Red Barked Tree
Pink Flag

After more than three decades of crafting, if not always groundbreaking, then at the very least challenging music, one would think it second nature for Wire to continually be pushing at the norms. Following on 2008’s excellent Object 47, Red Barked Tree shows the post-punk vets to still be in top form, even when they don’t spin pure gold.

Really, though, the only problem with Red Barked Tree may just be a matter of sequencing. “Please Take” (as in “please take your knife out of my back”) leads the record off at a mid-tempo pace reminiscent of A Bell Is a Cup... Until It Is Struck; its leisurely, pop lilt is probably better suited to being shuffled into the album’s latter third. The same goes for “Now Was” and “Adapt,” which follow in the slipstream of their predecessor. The record doesn’t feel like it starts in earnest until four songs in with “Two Minutes,” a jarring mix of industrially tinged drone and Robert Grey’s droid-precise beats. “Clay,” which follows, would be a perfect second song, as it melds misty post-pop and Colin Newman’s penchant for obliqueness into one of the record’s high points. “Bad Worn Thing,” “Moreover” and “A Flat Tent” round out the heart of the album, the last two being the best examples of the mix of guitar clatter and jackhammer beats that’s characterized Wire in the 21st century. Switch things around a bit and Red Barked may have more of an impact. Taken as it is, though, there is still plenty of effulgence at its core.
Stephen Slaybaugh

MP3: “Two Minutes”

Fresh Millions
Fresh Millions
Learning Secrets

Live dance music is difficult to pull off. Rather than worrying about a live drummer biffing a fill or dropping a stick in the midst of a groove, dance musicians have long relied on machines. Instead of dealing with finicky stringed instruments that might not sound the same from night to night, sounds synthesized by electronics have long been the standard. The last decade or so there’s been a growing trend in the dance-rock genre to incorporate as many traditional instrumentalists as possible, loading the stage with bassists and guitarists and percussionists and keyboardists, and even using a real live drummer. Acts like !!! and LCD Soundsystem have pulled it off perfectly, but other bands just end up sounding like an exercise in musical athleticism.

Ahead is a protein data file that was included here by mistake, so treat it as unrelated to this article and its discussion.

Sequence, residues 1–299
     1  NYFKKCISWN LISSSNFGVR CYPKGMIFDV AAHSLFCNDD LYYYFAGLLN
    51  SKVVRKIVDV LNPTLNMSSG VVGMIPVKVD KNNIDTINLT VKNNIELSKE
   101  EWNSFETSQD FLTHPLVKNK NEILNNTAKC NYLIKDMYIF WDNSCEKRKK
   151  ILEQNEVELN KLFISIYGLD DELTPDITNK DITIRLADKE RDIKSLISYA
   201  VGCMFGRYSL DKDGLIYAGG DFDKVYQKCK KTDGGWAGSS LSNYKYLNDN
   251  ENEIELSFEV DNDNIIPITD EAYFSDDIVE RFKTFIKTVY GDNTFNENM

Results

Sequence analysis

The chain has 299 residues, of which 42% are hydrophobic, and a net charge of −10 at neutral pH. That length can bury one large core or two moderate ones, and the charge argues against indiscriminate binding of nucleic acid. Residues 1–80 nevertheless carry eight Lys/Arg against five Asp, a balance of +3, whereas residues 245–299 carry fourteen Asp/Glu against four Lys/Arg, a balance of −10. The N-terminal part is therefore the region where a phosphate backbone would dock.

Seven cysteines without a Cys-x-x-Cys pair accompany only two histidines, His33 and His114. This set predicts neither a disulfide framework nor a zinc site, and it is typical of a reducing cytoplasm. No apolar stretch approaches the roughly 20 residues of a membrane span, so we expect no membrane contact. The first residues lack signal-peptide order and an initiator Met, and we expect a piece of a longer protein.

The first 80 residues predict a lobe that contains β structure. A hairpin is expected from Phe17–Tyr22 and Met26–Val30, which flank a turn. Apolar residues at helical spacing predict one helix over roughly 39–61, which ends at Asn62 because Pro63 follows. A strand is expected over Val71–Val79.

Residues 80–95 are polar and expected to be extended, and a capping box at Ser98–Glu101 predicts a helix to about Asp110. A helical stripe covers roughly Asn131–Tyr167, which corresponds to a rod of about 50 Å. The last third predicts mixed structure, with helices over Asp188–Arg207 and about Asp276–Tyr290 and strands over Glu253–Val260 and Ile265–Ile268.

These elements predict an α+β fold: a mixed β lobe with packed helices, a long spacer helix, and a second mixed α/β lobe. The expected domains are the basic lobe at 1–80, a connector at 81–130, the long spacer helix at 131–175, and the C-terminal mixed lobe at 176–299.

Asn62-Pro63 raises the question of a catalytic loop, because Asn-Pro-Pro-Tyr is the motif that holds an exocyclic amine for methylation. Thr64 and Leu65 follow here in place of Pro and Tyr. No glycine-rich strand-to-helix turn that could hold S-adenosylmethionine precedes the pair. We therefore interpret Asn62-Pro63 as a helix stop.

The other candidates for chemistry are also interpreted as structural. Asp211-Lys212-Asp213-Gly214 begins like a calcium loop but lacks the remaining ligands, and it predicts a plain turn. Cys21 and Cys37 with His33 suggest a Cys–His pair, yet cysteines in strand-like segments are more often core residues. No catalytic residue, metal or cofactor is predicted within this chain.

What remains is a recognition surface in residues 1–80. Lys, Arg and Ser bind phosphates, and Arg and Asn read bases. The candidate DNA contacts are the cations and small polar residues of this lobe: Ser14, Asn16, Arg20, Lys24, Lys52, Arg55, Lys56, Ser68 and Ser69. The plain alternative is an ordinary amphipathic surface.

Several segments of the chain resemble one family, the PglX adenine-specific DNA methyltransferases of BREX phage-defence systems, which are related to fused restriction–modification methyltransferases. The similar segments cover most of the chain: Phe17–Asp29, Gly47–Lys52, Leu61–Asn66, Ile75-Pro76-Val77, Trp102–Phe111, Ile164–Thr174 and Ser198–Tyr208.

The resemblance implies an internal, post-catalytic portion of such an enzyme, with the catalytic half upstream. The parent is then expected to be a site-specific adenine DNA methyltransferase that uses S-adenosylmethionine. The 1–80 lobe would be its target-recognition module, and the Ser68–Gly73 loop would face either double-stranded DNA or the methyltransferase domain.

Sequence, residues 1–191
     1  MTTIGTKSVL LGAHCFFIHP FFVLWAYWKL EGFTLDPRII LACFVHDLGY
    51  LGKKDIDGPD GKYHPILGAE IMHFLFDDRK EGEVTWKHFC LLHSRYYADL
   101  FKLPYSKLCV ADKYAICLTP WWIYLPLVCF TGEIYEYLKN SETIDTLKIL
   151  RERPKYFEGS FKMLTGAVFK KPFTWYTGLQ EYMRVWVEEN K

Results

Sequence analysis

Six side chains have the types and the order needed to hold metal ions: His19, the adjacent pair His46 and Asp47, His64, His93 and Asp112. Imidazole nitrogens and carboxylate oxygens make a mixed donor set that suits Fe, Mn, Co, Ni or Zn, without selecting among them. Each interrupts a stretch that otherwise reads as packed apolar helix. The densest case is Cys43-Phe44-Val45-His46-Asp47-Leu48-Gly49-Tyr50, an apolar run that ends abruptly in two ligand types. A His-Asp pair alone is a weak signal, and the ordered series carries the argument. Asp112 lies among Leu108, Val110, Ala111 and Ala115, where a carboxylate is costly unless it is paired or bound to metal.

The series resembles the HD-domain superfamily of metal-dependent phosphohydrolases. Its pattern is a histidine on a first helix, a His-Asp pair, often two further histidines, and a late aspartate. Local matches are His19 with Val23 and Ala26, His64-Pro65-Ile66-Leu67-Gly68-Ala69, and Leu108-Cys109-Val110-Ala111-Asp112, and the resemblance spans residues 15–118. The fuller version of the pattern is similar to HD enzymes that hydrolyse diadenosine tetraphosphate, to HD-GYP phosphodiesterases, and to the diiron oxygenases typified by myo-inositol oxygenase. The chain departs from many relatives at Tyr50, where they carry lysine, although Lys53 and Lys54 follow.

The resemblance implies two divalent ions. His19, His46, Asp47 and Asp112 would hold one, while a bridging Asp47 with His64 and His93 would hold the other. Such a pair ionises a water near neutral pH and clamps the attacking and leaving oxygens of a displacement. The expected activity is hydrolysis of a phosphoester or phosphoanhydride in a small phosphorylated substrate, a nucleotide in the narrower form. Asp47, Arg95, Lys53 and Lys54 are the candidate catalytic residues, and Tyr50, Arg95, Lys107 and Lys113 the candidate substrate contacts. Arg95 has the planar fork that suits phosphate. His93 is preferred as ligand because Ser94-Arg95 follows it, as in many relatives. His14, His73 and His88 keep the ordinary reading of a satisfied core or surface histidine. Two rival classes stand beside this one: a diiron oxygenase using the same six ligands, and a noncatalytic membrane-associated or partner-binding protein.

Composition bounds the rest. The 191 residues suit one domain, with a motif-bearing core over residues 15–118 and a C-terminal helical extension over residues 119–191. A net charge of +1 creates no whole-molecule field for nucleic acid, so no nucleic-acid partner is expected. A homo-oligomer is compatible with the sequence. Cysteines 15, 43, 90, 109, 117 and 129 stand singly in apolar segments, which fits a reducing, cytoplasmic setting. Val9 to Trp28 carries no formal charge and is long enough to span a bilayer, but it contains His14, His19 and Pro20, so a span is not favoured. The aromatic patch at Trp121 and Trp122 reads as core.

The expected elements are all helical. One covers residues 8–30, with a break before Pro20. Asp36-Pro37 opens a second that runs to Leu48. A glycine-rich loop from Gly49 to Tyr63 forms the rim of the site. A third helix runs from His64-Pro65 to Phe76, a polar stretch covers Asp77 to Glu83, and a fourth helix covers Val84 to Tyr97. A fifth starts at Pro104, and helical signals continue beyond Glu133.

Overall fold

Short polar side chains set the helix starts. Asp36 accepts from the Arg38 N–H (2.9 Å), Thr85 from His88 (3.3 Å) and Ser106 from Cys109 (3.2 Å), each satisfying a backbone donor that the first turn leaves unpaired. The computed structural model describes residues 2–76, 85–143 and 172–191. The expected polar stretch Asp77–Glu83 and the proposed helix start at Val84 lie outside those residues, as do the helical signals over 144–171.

Fresh Millions fall somewhere in between live techno perfection and college jock-rock extremes. Not every sound is live—there’s plenty of samples and computer noises—but the drums and strings sound huge and energetic, thanks in part to production by Brian Ritchie from the Sword. Cuts like the rock-oriented “Monty,” which features some pretty nasty guitar leads and nicely mapped high-energy drum changes, and lead-off track “Forever” showcase the qualities of the live dance band. They will actually get people moving on the dancefloor and play just as well on headphones as they do through giant club speakers. As the nine-track album continues, the adrenaline wears off and it becomes sort of a drag to slog through. It’s also best to not focus too much on the lyrics—they’re hokey at best, but that’s a symptom of even the best dance tracks. A few cuts off Fresh Millions are sure to get the party started, but make sure the rest of your DJ set has enough energy to top them.
Michael P. O’Shaughnessy

MP3: “Monty”

Arthur’s Landing
Arthur’s Landing

Arthur Russell’s tale is one of those quintessential New York in the ’70s stories. Guy moves to the city and finds himself in the middle of an explosion of culture and music. Inspired, he becomes an instrumental part of the scene, but outside of brief flirtations with the mainstream, his contributions are largely lost to the shifting sands of pop culture. In the past few years, however, there has been a revival and reexamination of all things Russell, from reissues of his many and varied projects to exhaustive articles and biographies. The latest piece in the puzzle is the self-tiled debut of Arthur’s Landing, a band made up of Russell’s collaborators.

Even amongst the crazy quilt of his contemporaries, Russell cut a unique figure. He was a classical cellist, a singer and songwriter, avant-garde composer, experimental pop rocker and a disco producer. And he also found time to collaborate with Allen Ginsberg, Phillip Glass, and members of the Modern Lovers among many, many others. As to be expected ,the members of Arthur’s Landing, while not quite as far reaching as Russell, are from all over the musical spectrum. It’s fitting that this type of line-up is trying to tackle the multi-headed beast that is Russell’s legacy.

Arthur’s Landing is a shifting group of Russell’s collaborators and contemporaries playing new arrangements of his best-known works as well as obscurities and unreleased demos. There’s potentially something here for everyone as the band tries to hit every aspect of Russell’s career. But interestingly enough it presents a potential problem. Trying to present the different phases of Russell’s career as stand alone songs would give the average listener whiplash. Instead the band recasts the songs in a largely downtempo, jazzy mode. In some ways, it’s a fittingly radical reinvention.